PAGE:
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CAPE TOWN — While emerging markets take a short-term hiding against the mighty dollar, the rand may well continue struggling as the Ramaphoria rainbow reminds the world of darker clouds amid the sunshine. Those darker clouds, according to Dr Azar Jammine, Chief Economist of Econometrix, are formed by the realisation that supporters of former President Zuma are preventing him from taking the corrective action needed to improve the growth rate of the SA economy. They’re still there in significant numbers at the heart of government. On the upside, Jammine says, the rand’s continued depreciation should not be enormous. Perhaps our upcoming elections will prove a blessing in disguise, waking people up to the grim reality of our dismal Gini-Coefficient and what’s needed to break its stranglehold on the economy. – Chris Bateman
By Azar Jammine*
Substantial sell-off in Emerging Market currencies over the past month
For a long while now we have been warning against the likelihood that the Rand would retrace some of the enormous gains that it made late last year and early this year following the improvement in business confidence in the wake of the election of Cyril Ramaphosa as president of the ANC and of the country. We have been arguing in a manner which has since been supported by statements by Reserve Bank Governor Lesetja Kganyago, to the effect that the appreciation seen in the Rand, which had taken it to levels between R11.50 and R11.70 to the Dollar, had been overdone and the currency was somewhere between 5% and 10% above its average value over the past three decades on a trade weighted basis.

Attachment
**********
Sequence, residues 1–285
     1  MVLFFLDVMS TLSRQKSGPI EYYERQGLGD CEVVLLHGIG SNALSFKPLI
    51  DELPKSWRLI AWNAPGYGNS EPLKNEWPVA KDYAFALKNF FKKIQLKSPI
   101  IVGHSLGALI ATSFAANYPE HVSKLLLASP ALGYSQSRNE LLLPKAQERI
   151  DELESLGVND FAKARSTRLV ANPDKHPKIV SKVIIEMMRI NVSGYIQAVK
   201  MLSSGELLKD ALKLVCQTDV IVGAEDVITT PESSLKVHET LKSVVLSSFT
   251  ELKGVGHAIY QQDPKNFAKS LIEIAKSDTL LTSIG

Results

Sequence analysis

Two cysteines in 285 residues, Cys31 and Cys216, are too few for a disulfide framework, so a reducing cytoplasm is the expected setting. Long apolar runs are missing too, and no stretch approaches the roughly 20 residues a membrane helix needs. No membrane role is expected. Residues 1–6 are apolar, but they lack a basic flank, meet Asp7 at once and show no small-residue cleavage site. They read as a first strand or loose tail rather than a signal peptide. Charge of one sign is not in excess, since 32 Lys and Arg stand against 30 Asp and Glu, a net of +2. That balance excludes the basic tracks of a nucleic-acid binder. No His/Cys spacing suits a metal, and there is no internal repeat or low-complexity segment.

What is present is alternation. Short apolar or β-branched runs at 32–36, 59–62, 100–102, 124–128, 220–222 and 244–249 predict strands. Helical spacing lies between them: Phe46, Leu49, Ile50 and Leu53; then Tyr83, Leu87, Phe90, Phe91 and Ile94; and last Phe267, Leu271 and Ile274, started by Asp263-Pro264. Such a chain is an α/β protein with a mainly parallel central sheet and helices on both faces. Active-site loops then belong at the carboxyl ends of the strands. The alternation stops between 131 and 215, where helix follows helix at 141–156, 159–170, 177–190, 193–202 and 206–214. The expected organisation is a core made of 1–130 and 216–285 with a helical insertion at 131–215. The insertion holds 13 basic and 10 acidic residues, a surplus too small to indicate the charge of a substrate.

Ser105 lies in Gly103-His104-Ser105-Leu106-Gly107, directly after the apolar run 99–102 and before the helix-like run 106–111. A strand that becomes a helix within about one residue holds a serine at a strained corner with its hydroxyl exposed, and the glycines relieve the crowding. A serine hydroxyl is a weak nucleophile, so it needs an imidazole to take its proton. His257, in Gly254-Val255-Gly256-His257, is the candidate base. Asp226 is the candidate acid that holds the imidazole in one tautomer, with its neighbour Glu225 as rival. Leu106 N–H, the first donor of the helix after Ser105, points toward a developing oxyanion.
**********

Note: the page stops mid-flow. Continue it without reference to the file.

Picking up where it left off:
We have been wary of the maintenance of high levels of risk appetite for emerging markets which had helped to drive the Rand upwards and we have also been aware of major constraints on the ability of the government under Ramaphosa’s leadership to increase the country’s growth rate materially on a sustained basis. In the event, the currency has lost around 4% to 6% of its value on a trade weighted basis over the past month. One might be tempted to suggest that this has been attributable to growing political unrest and signs of factionalism within the ANC.
However, closer analysis suggests that the Rand has not been alone amongst emerging markets in losing ground to the Dollar. Although the currency has depreciated by just over 5% since the beginning of April vis-a-vis the Dollar, similar losses have been made by the Brazilian Real and Mexican Peso, whilst the Turkish Lira has lost 6%, and the Argentinian Peso and Russian Ruble around 8%. In other words, the main driver of the Rand’s losses has been the strengthening of the Dollar. The latter has risen to its best levels this year on expectations that US interest rates would rise faster than had been expected because of the relative strength of the US economy in relation to economies such as those of Europe and Japan which are starting to falter.
This is bringing about the expectation of a substantial interest rate differential between the US and those countries in the future, which makes it more attractive to hold Dollars than other currencies.
However, slow wage growth and low unemployment caused short-term hiccup in Dollar on Friday